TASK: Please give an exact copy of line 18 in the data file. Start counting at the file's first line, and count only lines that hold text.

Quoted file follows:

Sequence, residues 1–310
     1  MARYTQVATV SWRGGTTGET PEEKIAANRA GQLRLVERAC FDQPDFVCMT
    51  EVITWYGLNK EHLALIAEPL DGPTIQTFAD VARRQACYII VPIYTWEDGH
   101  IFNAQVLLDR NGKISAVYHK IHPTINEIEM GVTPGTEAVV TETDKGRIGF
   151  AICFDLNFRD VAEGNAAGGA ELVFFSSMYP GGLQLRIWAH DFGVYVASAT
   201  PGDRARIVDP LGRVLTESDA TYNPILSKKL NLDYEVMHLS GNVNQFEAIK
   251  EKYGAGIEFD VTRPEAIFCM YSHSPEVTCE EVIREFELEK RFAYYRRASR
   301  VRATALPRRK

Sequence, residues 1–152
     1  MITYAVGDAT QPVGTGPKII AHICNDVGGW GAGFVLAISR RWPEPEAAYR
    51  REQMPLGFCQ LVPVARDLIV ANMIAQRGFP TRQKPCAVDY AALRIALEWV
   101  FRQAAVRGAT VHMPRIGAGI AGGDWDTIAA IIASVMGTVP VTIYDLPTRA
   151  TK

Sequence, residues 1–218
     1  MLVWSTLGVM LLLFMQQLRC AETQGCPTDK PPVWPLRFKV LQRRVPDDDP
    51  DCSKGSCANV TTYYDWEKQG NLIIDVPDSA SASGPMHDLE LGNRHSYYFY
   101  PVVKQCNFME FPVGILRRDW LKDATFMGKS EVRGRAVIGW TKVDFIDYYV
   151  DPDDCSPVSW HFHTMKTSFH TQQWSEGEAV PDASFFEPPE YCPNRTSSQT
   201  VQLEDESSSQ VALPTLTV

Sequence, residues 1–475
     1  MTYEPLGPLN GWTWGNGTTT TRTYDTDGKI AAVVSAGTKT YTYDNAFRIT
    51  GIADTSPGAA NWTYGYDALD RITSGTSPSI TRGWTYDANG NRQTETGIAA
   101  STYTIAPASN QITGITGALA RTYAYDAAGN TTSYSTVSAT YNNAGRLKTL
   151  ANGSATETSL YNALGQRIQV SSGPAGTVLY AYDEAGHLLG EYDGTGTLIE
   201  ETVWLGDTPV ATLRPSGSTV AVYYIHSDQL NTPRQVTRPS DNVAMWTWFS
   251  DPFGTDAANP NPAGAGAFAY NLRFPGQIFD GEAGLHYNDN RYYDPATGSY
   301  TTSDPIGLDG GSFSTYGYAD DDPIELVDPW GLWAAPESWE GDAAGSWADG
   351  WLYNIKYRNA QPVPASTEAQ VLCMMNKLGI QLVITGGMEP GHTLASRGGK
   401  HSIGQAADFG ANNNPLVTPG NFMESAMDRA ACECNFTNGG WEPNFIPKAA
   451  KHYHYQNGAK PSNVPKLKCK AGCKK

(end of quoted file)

   151  DPDDCSPVSW HFHTMKTSFH TQQWSEGEAV PDASFFEPPE YCPNRTSSQT